Applying Generalization to Anchor modeling

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Applying Generalization to Anchor modeling

Tristan Schweizer

First, let me appologize for my approximate english in the following post.

I discovered Anchor modeling by chance 2 years ago, while I was browsing the Internet looking for conceptual representation of data. I recently used your online modeler to put a new perspective on a data model.

While modeling, I stumbled upon a few conceptual problems that required some brainstorming on my own. I think it could be a good idea to share about what I did and why, and I hope to receive some reviews or commentaries.

All comments and remarks below only takes the conceptual level into consideration. I am not suficiently versed into databases to make assumptions on the physical level.

The first point I'd like to talk about concerns the rationalisation of the model when two or more anchors share similarities and have a common subset of attribbutes and ties. In other words, those anchors that are specifics derivating from a common and more general concept/anchor.

A good exemple would be to model the "administrative staff", "professors" and "students" of a school. Let all of them be "persons" and have names and emails, students also are in a promotion while "staff" (administrative staff and professors) have a salary. Furthermore, a professor has an experience level (junior/senior) while administrative staff have titles. Persons and staff are abstract concepts.

Here is an UML representation:

Hereafter are different approaches I considered (please note that the order of presentation is not insignificant).

First approach: multiple dissociated anchors

The different concepts of student, professor and administrative staff may be considered as distinct and unrelated (but may be tied). In that case, the attributes and ties of the more general concepts are replicated to each specific anchors.

That approach is straightforward but I think it poses to much scalability problems: if we later add, for exemple, a birthdate to a person, it has to be replicated to every concerned anchors. We could also add an "External speaker" as a new kind of staff...

On the good side, I note that in this model we can set different historization and assertivity depending on the need (for exemple, we might want to historize the name of an internal staff member in case of change in marital status, while disregarding the historization for a student or external speaker).

In my point of view, having this kind of model is rather due to a conceptual error, highlighting a missing "super-concept".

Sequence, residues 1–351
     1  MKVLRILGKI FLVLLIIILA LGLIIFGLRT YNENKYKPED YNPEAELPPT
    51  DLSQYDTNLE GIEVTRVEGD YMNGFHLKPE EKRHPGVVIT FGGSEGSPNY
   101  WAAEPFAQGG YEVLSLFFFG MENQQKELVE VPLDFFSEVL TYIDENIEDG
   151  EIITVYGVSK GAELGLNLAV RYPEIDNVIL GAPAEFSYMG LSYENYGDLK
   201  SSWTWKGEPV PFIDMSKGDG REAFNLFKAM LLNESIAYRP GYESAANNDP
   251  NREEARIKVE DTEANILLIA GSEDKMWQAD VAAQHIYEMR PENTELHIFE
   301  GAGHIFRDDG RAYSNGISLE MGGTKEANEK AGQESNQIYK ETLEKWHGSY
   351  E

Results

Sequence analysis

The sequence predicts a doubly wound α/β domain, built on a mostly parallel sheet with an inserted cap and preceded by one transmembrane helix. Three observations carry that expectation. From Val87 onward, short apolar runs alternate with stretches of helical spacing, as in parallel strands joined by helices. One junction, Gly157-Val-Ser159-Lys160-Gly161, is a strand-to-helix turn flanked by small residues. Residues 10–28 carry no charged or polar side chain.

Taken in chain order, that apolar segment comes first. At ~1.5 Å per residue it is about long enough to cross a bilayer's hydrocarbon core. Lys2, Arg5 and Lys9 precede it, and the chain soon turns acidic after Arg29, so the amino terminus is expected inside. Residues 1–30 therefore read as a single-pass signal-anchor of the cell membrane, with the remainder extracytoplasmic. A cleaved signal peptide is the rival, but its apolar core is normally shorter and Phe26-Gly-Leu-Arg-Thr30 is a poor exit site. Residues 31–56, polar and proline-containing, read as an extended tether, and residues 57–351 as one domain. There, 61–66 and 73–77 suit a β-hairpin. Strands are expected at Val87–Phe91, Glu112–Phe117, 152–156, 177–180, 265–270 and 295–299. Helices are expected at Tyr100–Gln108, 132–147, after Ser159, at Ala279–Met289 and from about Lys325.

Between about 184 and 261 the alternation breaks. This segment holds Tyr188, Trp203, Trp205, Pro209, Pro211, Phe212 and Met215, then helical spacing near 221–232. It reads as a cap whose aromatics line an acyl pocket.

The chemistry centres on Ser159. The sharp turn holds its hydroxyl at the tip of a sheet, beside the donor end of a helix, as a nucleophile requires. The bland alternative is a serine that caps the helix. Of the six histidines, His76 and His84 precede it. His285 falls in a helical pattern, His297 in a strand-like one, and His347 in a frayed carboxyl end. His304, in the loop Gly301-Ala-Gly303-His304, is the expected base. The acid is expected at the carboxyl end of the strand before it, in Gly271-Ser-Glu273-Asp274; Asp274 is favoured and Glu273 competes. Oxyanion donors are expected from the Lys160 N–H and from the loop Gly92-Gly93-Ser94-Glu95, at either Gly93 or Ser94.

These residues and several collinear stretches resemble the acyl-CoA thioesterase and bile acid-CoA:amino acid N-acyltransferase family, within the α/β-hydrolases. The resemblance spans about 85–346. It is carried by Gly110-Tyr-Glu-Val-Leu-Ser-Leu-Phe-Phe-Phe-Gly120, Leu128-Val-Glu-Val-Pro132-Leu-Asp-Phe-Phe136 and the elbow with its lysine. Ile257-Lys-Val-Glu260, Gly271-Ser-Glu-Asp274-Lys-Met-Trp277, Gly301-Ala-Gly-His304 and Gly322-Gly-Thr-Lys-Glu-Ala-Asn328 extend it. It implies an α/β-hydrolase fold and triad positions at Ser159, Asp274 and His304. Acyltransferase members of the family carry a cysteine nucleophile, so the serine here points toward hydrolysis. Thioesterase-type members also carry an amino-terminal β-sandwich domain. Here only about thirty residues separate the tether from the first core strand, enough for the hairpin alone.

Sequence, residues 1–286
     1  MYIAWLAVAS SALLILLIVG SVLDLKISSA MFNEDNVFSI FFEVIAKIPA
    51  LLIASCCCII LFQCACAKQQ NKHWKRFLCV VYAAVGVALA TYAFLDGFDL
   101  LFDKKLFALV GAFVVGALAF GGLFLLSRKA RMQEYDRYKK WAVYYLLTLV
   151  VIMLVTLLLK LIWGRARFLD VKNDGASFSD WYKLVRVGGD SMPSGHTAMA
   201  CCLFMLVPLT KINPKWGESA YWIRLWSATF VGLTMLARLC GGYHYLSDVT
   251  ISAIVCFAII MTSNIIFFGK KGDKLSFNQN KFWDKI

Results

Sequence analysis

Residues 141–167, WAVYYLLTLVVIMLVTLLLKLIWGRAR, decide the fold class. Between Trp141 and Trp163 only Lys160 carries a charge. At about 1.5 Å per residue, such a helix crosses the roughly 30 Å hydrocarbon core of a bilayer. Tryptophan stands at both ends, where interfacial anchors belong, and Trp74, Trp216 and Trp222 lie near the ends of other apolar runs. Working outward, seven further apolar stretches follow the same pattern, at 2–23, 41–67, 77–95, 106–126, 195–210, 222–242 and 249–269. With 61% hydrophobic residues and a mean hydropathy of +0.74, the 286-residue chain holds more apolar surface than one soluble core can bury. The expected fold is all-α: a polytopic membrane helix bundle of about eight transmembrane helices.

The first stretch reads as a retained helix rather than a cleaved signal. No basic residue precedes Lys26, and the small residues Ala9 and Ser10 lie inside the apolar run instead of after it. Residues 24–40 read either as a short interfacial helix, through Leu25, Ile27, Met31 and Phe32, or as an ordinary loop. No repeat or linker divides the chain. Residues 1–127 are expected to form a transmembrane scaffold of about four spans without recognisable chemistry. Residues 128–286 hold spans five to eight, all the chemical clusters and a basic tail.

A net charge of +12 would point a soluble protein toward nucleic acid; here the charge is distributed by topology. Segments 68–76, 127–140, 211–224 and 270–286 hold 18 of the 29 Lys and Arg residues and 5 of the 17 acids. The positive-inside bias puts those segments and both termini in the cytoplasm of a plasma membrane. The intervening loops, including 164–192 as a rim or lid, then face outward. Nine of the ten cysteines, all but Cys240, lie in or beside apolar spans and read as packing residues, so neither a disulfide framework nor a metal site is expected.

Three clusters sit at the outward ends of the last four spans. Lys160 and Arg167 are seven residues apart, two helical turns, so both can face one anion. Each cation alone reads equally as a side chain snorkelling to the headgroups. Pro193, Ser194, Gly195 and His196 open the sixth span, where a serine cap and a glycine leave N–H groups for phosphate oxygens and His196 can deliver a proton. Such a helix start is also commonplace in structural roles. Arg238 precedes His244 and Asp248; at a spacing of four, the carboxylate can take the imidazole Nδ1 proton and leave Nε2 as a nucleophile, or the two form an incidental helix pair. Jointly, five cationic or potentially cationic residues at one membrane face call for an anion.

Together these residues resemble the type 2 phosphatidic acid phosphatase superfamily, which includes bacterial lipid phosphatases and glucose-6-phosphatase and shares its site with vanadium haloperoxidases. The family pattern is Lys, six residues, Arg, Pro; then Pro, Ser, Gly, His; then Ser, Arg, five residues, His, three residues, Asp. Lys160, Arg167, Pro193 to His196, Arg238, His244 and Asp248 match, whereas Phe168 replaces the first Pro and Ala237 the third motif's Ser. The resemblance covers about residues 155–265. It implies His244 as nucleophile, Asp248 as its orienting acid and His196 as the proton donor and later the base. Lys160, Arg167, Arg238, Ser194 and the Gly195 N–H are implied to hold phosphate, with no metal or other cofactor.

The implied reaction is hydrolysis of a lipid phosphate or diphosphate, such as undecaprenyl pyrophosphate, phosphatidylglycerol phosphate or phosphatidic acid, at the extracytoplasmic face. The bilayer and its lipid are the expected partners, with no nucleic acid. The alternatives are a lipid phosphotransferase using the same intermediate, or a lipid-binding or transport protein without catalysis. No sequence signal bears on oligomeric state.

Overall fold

Second approach: single anchor

Another easy way is to merge all specifics into one anchor. No problems here with duplication, but the difficulty resides afterward when one try to determine what "kind" of person is a particular instance: we need to check the attributes or ties to do so. Here, the problem of scalability has moved from the data model to the interpretation of the data. Also, with too many attributes and ties, the model lose its readability.

Third approach: single anchor with a knotted attribute

Variation of the second approach with the addition of a knotted attribute to determine the "Kind" of a person: resolves the interpretation of the data but not the readability of the model.
Another good point is that we can have this attribute historized, effectively and easely modeling state changes / mutations.

Fourth approach: using ties to model generalization

Here I used the principe of generalization from UML into Anchor. The binary relationship of generalization is transformed into ties between "specific" and "general" anchors. For those like me used to UML modeling, it is quite simple to understand and I think it's compliant with the Anchor modeling objectives. It is scalable, rationalized and, to my opinion, much more readable.

Still, like the Second approach, searching what "kind" is a person needs to make many joins...

Fifth approach: using ties and knotted attributes to model generalization

No need to explain...

Going past the consideration of which approach is better, I think the Generalization as used in UML can work in Anchor modeling as a part of it without major changes to the model mechanics.
Here is a suggestion for a representation using a new type of tie, please tell me what you think of it:

As a last note: I referred to UML in this post. I do think that Anchor modeling will gain more visibility and interoperability by having an official metamodel in UML (unless it is already the case but I only found a post about an Ecore-metamodel in Eclipse --> I admit I did not check what is this "Ecore-metamodel").

EDIT: the proposition above is just a general idea that needs to be elaborated, for exemple about historization, restatment, allowing or not multiple generalization (having more thant one "general" anchor for a "specific" anchor)...